Just over a year ago, "Up in the Air" was heralded for being remarkably timely with its tale of corporate downsizing. Somehow, the similarly themed "The Company Men" already feels stale in comparison.

Just over a year ago, "Up in the Air" was heralded for being remarkably timely with its tale of corporate downsizing.

Somehow, the similarly themed "The Company Men" already feels stale in comparison. Is it because we've moved on from our pink-slip fears? Or just that it's an inferior movie?

Bobby Walker (Ben Affleck) is a top sales executive at a transportation conglomerate. He's the portrait of stock-option comfort, so he's inevitably laid off during downsizing.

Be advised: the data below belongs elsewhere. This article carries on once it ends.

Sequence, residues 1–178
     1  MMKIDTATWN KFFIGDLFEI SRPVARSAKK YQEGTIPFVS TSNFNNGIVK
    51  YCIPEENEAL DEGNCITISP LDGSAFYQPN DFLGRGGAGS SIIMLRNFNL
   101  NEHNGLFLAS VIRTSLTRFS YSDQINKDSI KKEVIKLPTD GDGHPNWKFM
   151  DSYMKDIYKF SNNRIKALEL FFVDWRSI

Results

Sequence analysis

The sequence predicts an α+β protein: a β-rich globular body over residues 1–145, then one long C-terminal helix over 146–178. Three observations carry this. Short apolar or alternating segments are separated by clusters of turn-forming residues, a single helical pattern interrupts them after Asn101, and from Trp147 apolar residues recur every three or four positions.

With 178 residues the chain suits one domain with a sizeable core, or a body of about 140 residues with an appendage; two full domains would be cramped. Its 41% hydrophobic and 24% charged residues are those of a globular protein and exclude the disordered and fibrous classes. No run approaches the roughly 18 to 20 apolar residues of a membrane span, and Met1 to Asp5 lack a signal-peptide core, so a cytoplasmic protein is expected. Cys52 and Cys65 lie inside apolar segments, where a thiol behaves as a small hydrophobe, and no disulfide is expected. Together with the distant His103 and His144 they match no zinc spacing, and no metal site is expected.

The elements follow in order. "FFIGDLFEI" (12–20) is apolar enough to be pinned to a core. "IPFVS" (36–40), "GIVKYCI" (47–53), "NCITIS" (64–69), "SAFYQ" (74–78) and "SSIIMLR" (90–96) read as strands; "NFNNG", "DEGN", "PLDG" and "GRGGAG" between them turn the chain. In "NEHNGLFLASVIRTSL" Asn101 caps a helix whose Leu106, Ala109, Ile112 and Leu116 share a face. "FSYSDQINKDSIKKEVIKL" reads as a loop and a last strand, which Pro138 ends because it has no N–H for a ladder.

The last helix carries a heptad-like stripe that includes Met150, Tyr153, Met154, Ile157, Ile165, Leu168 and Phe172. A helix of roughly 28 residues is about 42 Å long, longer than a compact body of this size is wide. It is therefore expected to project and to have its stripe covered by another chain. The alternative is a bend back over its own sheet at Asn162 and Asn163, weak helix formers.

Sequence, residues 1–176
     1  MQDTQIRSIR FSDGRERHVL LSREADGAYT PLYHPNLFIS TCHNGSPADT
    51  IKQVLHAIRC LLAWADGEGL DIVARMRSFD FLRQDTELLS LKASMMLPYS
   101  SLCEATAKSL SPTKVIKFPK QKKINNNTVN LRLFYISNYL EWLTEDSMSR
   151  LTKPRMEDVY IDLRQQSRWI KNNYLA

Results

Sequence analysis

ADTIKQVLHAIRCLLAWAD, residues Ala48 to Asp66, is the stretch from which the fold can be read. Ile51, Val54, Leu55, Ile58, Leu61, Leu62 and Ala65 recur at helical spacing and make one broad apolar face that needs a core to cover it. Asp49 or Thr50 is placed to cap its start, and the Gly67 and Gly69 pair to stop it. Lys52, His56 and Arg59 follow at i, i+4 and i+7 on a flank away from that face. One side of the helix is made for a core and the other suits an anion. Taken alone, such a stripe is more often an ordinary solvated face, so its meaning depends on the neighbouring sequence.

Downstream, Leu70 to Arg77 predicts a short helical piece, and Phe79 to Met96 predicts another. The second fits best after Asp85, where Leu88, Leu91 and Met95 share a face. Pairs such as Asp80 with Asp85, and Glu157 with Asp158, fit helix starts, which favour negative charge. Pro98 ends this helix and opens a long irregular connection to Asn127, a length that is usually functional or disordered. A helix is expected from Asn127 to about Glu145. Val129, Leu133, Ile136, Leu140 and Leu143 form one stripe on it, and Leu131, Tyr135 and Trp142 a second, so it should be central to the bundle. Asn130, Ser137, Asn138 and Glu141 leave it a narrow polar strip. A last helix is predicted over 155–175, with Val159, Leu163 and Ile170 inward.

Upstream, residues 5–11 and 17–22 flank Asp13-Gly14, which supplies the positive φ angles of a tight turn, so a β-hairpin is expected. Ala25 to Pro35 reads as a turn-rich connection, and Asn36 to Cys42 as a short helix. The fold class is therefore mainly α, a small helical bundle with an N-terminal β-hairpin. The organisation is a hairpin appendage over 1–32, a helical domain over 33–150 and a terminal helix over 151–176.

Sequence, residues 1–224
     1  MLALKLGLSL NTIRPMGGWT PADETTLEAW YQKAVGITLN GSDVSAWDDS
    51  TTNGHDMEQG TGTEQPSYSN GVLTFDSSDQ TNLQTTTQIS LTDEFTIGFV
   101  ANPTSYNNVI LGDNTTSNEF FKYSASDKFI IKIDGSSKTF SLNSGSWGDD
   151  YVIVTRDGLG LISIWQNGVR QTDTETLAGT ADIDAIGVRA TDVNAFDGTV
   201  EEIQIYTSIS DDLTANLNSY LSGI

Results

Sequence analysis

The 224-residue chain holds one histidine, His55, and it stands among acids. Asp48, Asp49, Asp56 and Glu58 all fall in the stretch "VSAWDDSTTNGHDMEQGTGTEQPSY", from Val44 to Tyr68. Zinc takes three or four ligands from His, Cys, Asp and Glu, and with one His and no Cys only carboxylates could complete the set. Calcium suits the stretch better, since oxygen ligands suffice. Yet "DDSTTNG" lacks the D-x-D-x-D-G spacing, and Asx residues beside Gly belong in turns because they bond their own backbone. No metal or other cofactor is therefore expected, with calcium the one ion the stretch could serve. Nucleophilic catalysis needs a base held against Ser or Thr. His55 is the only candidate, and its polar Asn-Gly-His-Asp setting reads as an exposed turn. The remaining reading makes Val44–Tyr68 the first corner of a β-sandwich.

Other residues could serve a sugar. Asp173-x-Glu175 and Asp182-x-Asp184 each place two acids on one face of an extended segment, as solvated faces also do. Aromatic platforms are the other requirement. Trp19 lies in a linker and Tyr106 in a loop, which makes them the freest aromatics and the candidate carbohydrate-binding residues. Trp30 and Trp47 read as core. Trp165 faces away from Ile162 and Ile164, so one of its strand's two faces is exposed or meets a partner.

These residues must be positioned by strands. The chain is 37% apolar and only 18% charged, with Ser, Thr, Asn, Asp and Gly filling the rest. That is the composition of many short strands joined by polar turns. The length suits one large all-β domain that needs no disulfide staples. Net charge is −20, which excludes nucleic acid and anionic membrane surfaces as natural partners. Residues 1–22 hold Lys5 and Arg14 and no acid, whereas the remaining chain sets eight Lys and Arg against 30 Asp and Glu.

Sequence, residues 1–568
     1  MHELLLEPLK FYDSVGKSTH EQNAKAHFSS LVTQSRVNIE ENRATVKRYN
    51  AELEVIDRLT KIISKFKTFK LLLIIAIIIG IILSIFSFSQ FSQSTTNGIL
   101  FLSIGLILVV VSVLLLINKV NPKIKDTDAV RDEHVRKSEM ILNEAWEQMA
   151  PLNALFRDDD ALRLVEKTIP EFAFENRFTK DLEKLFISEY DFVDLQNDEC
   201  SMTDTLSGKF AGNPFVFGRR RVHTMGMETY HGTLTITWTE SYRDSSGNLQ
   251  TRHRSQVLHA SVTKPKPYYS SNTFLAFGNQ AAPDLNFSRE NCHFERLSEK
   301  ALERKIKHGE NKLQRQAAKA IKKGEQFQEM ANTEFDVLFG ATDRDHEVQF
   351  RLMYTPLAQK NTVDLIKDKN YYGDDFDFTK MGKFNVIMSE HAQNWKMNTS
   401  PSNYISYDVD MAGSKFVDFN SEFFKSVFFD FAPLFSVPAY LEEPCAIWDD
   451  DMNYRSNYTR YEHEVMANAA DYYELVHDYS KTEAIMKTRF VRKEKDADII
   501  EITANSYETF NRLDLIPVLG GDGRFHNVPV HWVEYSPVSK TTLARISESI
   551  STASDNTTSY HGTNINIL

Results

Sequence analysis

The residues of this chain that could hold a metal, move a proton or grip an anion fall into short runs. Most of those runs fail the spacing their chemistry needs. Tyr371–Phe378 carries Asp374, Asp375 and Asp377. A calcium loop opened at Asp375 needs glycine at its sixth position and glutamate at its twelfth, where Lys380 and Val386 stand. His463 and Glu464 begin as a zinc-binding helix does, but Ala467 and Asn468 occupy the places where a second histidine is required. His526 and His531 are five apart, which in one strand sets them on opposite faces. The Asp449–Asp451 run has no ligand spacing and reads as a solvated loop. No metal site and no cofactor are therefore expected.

Elsewhere in the company, an altruistic top exec (Tommy Lee Jones) tries to protect his beloved shipbuilding division from his longtime friend and CEO (Craig T. Nelson), who is anxious to make any move to boost stock prices.

Writer-director John Wells makes his feature-film debut, and he couldn't have asked for a much better situation, from the talented, experienced cast to the always-stellar cinematography of Roger Deakins.

It's that pedigree that makes "The Company Men" so disappointing.

Wells has a tough time eliciting sympathy for his upper-middle-class layoff victims. Who can't relate to having to sell the Porsche or - gasp! - letting your country club membership expire? Times are tough.

The performances are solid if only average for this cast. Affleck is running on earnestness, and great talents like Chris Cooper and Maria Bello are underused.

By the end, the only lesson learned is that corporate greed has victims. I knew that at least a year ago.